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How to get a pwm output for a 35 V, 0.35 A dc input signal?

  1. May 18, 2016 #1
    I am doing a project where I need to control brightness of a led light. according to presence. the brightness can be controlled using pwm but I cannot find a way to do that for high voltage input signals.
     
  2. jcsd
  3. May 18, 2016 #2

    CWatters

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    Are you asking how to convert 0-35V into something like 0-5V ?

    Google "Potential Divider"
     
  4. May 18, 2016 #3

    berkeman

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    Welcome to the PF.

    Can you link to the datasheet of the LED light fixture that you are wanting to use? What do you have for a power source that you want to use for the PWM circuit? Will you be doing a high-side drive or a low-side drive of the LED light with your PWM signal?
     
  5. May 18, 2016 #4

    jim hardy

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    Good questions Berkeman. A problem well stated is half solved.

    Well you really haven't asked a question for anybody to answer.
    Are you asking for a pointer to instructions or for a parts suggestion ?

    Try a search on "35 volt Buck Converter " and you'll find "plug in and go" modules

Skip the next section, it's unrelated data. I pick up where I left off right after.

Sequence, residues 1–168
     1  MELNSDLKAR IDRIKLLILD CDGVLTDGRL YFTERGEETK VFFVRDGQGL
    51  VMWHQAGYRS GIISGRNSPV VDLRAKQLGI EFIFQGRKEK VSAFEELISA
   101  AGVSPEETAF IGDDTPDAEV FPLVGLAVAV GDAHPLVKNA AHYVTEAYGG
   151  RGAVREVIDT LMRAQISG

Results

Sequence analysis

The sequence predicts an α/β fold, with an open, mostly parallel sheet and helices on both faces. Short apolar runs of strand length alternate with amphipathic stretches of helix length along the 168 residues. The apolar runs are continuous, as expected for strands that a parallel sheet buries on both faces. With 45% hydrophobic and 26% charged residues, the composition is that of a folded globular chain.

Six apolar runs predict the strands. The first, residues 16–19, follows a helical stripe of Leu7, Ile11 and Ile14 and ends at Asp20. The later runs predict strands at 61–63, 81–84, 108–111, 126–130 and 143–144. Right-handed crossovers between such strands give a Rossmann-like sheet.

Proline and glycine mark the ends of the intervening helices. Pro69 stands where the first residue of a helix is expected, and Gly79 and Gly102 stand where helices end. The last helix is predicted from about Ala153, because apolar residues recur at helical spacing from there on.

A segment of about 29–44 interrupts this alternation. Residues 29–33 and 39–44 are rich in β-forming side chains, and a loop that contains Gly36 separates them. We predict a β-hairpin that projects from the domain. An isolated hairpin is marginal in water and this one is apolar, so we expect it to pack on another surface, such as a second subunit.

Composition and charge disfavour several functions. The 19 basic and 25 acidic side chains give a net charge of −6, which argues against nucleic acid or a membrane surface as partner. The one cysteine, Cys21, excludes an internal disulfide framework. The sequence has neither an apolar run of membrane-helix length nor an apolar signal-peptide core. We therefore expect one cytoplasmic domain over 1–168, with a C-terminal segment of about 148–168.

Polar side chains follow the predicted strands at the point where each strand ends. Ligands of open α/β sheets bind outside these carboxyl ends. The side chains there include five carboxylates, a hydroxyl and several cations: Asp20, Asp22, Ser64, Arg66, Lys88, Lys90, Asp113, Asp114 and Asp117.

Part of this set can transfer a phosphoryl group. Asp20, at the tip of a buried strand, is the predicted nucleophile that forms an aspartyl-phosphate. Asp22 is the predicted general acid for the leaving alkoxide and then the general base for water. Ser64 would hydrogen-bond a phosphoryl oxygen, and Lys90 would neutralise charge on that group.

or on "LED Driver Module" ..


    We learn best by doing.
    A good way to learn about PWM is to build one.

    I'd suggest TL494, it's been around for decades and the datasheet is a "How To" tutorial with examples.
    Being so old it still comes in a DIP package that an amateur can solder or plug into his breadboard.
    It's rated for input up to 40 volts.

    http://www.ti.com/lit/ds/symlink/tl494.pdf
    and
    http://www.ti.com/lit/an/slva001e/slva001e.pdf



    If you really need 3.5 amps you'll have to add current drivers to output. See fig 10.2 of datasheet.

    old jim
     
  6. May 19, 2016 #5
    No it is a completely different thing that is ask for.
    Google "Pulse Width Modulation"
     
  7. May 19, 2016 #6

    Baluncore

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    There are many different types of LED lights. We need to know exactly what type(s) you are using.
    We understand PWM.
    What do you mean by “presence”? How is that signal received?
    Where does power for the light come from?
     
  8. May 19, 2016 #7